Today I'm sharing a bit about the church we visited while in Charleston a few weeks ago. We didn't attend the service there, but we were walking by snapping some photos, and I noticed the front doors were open. We walked around to the steps and were met by two church members who greeted us and invited us to go into the church. They said we were welcome to look around and also welcome to take pictures.
This is the French Huguenot Church, located at the corner of Church and Queen Streets, in Charleston, South Carolina. We photographed the exterior of this church when we were here in 2014, but we didn't go inside then. The man and woman who greeted us turned out to be a mother and her son. They were so nice -- very cordial and informative. I could tell they were proud of their church. As it turns out, this is the only French Huguenot Church in North America.
Isn't it beautiful? It's built in the French Gothic style. I love the ceiling and the Gothic, arched windows.
I've never seen a chandelier quite like this; I thought it looked perfect in this church. It's elegant without being overly ornate.
You can read about the massacre of French Protestants (Huguenots) on St. Bartholomew's Day, August 24/25, 1572, Here and Here. To escape further persecution by the Catholics in France, the Huguenots fled to various parts of Protestant Europe, as well as to the American colonies.
Inside this particular church is a plaque listing U.S. presidents of Huguenot descent, the first on the list being George Washington. :) In reading the Huguenot Society of America's website, I discovered that Paul Revere was also of Huguenot descent. Paul's father, a goldsmith, was born Apollos Rivoire in Riocaud, France, in 1702. His family sent him to the New World in 1715, where he became apprentice to John Coney, the early American silversmith and goldsmith. After John Coney's death, Apollos set up his own shop and anglicized his name. He first changed his name to Paul Rivoire, then later, Paul Revere, the same name he gave to his oldest son. The son, Paul Revere, became a silversmith in Boston and a famous Patriot in the American Revolution. All these years, I've heard about Paul Revere, but I never knew he was of French descent. History is so fascinating (to me). I hope you're not nodding off out there. ;)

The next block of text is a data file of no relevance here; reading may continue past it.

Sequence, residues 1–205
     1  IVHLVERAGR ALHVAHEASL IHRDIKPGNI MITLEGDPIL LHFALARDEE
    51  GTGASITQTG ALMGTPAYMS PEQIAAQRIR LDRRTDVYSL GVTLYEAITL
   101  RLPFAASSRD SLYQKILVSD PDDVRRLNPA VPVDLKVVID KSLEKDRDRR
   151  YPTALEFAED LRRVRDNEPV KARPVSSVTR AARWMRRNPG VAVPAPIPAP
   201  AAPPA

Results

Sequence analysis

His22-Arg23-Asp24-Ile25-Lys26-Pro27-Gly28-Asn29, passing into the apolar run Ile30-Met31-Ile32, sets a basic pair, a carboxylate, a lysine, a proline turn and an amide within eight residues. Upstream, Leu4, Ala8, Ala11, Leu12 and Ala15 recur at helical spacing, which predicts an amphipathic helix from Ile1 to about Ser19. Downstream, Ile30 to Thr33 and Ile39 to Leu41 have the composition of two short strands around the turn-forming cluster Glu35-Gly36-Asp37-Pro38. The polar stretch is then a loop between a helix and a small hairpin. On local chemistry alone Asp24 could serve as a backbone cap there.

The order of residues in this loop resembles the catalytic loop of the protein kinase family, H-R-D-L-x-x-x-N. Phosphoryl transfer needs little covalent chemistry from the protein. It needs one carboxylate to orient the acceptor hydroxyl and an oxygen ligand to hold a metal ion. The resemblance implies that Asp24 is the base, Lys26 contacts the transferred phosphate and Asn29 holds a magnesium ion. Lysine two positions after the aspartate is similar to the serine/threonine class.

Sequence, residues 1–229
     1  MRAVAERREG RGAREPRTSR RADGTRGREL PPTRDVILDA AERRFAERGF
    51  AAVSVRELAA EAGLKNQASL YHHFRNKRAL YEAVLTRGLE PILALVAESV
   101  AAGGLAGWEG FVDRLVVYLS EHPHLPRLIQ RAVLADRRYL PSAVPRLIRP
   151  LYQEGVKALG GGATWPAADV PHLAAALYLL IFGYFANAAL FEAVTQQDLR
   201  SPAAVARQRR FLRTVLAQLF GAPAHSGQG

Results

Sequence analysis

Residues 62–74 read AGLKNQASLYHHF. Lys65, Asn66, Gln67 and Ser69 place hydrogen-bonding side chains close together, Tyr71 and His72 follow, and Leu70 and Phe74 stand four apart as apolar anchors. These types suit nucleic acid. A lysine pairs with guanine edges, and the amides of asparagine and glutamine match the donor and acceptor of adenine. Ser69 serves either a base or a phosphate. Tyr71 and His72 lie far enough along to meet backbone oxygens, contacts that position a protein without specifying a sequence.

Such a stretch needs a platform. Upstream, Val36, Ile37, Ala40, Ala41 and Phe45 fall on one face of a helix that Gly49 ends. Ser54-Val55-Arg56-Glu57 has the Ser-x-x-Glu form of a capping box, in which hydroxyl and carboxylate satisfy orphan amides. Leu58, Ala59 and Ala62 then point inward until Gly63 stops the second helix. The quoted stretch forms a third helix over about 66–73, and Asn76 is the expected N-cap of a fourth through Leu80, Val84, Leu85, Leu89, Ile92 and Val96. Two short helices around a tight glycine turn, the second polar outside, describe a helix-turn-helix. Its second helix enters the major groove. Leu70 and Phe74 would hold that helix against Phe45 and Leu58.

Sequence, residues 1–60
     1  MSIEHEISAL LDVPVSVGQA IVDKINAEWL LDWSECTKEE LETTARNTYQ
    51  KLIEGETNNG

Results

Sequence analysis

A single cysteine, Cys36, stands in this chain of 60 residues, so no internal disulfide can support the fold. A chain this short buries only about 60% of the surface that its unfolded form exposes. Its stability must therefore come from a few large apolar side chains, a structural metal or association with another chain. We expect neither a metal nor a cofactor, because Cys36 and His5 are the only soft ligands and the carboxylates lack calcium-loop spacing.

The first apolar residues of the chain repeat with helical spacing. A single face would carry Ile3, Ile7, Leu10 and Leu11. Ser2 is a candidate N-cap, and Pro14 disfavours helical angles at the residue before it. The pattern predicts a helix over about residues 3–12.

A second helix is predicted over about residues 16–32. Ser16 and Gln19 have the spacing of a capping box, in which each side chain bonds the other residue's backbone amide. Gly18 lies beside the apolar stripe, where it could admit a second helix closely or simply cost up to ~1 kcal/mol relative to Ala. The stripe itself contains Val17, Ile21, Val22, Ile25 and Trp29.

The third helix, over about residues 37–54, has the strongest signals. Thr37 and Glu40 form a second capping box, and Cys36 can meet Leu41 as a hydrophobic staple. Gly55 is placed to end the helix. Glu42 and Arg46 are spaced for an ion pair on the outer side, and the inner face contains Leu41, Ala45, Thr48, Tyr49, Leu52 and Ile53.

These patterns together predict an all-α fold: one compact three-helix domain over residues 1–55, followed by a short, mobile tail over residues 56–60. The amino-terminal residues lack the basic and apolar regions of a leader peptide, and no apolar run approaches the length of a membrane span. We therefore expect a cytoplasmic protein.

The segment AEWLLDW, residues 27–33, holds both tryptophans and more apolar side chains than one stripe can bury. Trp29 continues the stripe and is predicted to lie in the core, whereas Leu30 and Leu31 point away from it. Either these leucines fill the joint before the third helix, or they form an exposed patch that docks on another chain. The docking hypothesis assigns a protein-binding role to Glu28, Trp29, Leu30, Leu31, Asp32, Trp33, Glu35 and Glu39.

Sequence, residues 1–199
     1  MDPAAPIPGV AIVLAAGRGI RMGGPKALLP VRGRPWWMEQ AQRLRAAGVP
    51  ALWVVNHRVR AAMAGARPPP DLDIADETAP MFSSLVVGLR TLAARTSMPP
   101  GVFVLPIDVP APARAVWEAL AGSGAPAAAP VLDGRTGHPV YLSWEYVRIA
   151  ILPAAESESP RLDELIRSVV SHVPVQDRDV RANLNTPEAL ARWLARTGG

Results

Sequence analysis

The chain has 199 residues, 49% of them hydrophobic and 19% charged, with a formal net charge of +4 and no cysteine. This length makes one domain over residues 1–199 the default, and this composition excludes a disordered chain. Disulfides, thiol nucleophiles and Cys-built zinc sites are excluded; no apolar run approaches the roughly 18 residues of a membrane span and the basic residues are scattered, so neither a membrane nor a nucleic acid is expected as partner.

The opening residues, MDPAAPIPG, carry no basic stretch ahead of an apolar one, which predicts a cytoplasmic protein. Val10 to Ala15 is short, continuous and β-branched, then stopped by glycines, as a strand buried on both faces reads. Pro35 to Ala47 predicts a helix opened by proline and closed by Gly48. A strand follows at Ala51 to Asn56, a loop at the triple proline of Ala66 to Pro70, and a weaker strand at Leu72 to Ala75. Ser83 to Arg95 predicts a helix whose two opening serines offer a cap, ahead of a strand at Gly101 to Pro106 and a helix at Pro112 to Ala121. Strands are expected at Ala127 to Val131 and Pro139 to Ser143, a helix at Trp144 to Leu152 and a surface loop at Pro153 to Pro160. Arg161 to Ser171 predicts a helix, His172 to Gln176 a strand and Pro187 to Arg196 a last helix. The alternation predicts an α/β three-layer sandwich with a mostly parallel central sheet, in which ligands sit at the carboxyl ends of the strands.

Okay, so more about this lovely church.
The first French Huguenot church was built at this location in 1687, and was destroyed by fire in 1796. The replacement for the original building was completed in 1800. The second church was then dismantled in 1844 in order to build the present Gothic Revival edifice. When this third church building was completed in 1845, the church also purchased and installed a pipe organ built by Henry Erben and carved in the style and shape of a Gothic chapel.
In this picture, you can see the two ornate plaques on either side of the altar. My husband took these interior shots, and I was curious what the plaques said. I was able to use the zoom feature in Picasa to read them.
Above is the plaque to the left of the altar, and it bears the first five of the Ten Commandments.
This plaque to the right of the altar bears the last five commandments, as well as The Lord's Prayer and the Apostles' Creed. There were several plaques like the smaller white one above throughout the sanctuary. They were dedicated to various family members and benefactors of the church. The smaller plaque is dedicated to two members of the Lanier family who gave generously to the church's restoration after the destructive earthquake of 1886.
The above plaque is dedicated to the memory of Elias Horry, ancestor of the Horrys of South Carolina. Elias was born in France in 1664, and his father died a martyr of the French Protestant Faith. There is a Horry County in South Carolina, and now I know how it came by its name.
Today, services here are no longer conducted in French, except for once a year. The worshipers don't arrive in boats, as they once did when the church was known as "The Church of the Tides." It seems that its spirit of fellowship is still alive and well, though, based on the welcoming demeanor of the mother and son who talked with us. They were good ambassadors for the church and their faith.
Not surprisingly, the church is designated as a National Historic Landmark.
As I was leaving the church, the mother gave me this watercolor note card, done by a local artist. I'll definitely get this framed at the first opportunity and hang it in our house as a reminder of our Charleston trip and this lovely church.
Thanks for hanging in there through this long post. I hate to only post pictures when there is so much history to be shared about this amazing city. I'm still going to post on the gardens at Boone Hall Plantation, as well as some more of the French Quarter, where we spent most of our time in Charleston. Next time, more pictures and less talking. ;) I'll leave you with a preview for next time.
Thank you so much for visiting and reading House at Forest Manor. Have a great week!